Conserving a Tibetan Headdress

Conservator Karen Horton spent two weeks and two days in February this year repairing the elaborate and rare Tibetan woman’s headdress – complete with gorgeous turqoise and coral stones – for the Himalayan Fashion exhibition at Lotherton.

The headdress, called a pagor, is made from rolls of cotton, covered in red wool cloth, studded with silver mounted turquoise jewels and smaller turquoise and coral stones. The top most length or hoop is usually reinforced with cane. This pagor came to Leeds Museums as part of the University of Leeds collection transferred in 2013. The University acquired it in the late 1940’s from the Wellcome Historical Medical Museum in London, who were dispersing their material around the UK. We do not know exactly when the headdress left Tibet, but it was probably in the early 1920’s, when the pharmacist Henry Wellcome had specialists purchasing world items at auction in London, Paris and Amsterdam. When the current Leeds World Cultures Curator, Antonia Lovelace, saw the pagor in the late 1990’s it was in bits.

The Tibetan headdress before conservation.
The Tibetan headdress before conservation.

One red wool roll had been completely destroyed by moth attack and the moth larvae had also chewed at the remaining two rolls, weakening them so much that the stones were all loose, and were kept in separate bags. In Spring 2017 when the idea of the Himalayan Fashion exhibition was approved, we put a call out for conservators to quote for a full repair. Karen Horton was chosen because of her expertise in Tibetan art and because of her skill working with Fosshape™ (a 2-strand thermally heat activated polyester – a mouldable imitation felt material) and magnets.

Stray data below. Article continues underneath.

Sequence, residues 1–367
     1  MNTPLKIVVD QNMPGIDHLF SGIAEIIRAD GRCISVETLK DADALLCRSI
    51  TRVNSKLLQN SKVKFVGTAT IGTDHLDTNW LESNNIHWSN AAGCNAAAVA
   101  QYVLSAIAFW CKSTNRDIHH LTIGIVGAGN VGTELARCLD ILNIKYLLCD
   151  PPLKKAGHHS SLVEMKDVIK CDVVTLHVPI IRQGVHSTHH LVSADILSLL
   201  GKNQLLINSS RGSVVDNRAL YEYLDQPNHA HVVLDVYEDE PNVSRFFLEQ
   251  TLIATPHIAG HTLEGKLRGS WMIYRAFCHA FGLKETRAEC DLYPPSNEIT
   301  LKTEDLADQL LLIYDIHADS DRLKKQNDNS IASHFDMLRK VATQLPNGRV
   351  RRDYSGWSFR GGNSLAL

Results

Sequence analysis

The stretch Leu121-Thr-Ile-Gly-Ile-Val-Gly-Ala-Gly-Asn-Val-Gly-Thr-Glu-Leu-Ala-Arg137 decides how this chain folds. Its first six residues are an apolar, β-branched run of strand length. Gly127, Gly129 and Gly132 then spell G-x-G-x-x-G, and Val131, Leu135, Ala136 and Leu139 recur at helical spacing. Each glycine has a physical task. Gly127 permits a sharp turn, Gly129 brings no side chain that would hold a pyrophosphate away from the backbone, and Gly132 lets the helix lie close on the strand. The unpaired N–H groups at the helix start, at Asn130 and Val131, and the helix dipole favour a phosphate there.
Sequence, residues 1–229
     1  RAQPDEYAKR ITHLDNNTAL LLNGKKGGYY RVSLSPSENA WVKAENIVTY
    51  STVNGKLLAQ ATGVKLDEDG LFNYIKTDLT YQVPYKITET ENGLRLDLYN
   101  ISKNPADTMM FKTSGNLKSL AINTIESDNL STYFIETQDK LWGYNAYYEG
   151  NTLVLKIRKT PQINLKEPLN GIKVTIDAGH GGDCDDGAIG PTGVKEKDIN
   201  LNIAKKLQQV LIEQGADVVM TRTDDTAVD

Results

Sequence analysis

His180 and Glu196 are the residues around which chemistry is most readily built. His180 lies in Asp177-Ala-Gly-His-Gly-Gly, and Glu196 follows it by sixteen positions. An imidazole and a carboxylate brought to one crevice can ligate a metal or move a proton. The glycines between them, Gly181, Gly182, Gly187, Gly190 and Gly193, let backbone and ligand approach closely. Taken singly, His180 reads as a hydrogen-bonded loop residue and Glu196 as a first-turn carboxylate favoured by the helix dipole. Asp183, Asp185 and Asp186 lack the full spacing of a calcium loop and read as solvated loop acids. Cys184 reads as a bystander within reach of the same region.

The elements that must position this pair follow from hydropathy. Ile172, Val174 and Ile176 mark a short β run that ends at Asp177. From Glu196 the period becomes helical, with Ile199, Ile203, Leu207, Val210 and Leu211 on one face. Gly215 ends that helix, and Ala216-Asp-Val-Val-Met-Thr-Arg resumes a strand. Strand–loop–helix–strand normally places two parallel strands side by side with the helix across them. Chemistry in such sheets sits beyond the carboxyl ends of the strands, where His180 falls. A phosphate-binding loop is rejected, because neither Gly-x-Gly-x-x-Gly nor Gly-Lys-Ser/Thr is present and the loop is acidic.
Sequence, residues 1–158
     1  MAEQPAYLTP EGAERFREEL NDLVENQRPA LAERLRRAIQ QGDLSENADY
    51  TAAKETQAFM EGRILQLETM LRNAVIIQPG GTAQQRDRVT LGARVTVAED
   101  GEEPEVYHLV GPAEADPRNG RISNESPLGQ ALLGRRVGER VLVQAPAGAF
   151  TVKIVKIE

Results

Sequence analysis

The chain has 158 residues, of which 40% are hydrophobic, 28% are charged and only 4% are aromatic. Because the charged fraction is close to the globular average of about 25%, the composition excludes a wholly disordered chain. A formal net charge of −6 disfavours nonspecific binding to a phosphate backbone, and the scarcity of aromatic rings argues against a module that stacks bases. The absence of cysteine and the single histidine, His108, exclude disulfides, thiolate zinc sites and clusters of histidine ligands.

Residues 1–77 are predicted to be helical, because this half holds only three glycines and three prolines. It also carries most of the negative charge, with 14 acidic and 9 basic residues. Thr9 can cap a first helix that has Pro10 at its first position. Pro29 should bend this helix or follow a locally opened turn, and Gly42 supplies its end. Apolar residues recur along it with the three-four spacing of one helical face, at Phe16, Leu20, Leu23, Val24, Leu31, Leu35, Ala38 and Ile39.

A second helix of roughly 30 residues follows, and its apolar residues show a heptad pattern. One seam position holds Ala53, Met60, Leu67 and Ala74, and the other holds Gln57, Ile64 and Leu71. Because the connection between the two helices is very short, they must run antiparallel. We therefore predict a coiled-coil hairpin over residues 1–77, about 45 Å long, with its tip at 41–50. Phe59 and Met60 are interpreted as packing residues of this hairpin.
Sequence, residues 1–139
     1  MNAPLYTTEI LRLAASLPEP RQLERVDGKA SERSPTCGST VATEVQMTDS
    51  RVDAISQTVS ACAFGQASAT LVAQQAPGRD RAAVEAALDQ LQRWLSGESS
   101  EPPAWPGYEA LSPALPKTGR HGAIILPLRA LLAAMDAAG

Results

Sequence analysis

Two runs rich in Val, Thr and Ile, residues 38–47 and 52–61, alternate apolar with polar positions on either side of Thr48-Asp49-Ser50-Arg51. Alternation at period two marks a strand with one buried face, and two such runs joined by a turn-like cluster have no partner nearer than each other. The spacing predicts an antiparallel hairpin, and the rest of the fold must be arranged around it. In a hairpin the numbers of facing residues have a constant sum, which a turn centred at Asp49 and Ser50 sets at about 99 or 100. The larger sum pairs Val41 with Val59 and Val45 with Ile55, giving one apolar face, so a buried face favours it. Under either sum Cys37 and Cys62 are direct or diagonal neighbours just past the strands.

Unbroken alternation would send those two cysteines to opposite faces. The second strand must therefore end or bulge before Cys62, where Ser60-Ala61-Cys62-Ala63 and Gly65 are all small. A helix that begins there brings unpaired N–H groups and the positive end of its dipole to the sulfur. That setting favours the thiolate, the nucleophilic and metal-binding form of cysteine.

Karen came to work on the headdress in the research room at Leeds Discovery Centre on 5 February, setting up a dedicated work station for her stay.  Before this she had undertaken extensive research on similar headdresses, so we knew that the only similar one in UK collections was at the National Museum of Scotland. The Curator at NMS shared with us a full description of their headdress, and its own conservation story.  Gradually Karen firmed up the interior of the surviving red wool covered structures.

The areas of moth damage loss were infilled using a conservation dyed red silk stitched support, encased in a layer of fine red net, fixed in with very delicate, almost invisible stitching.  Karen moulded a replacement for the missing third roll using Fosshape, realising that this one should have an up-curve, to go over the front of any wearer’s head.  The up-curve was supported by a cloth covered mount. All the silver or white metal mounted turquoise jewels received a gentle swabbing surface clean, as did the multi-strands of tiny pearl like stones. The mounted jewels are now fastened to the rear vertical central cloth support with magnets. All the individual turquoise and coral stones were then cleaned and their piercing checked before they could be sewn down on the front roll to make the headdress complete.

The work took two more days than anticipated but it was worth it! The headdress now looks fabulous.

By Karen Horton, Conservator.

Himalayan Fashion is now open in the Lotherton Fashion Galleries. Find out more about the exhibition.

Discover more about our World Cultures collection over on our website.

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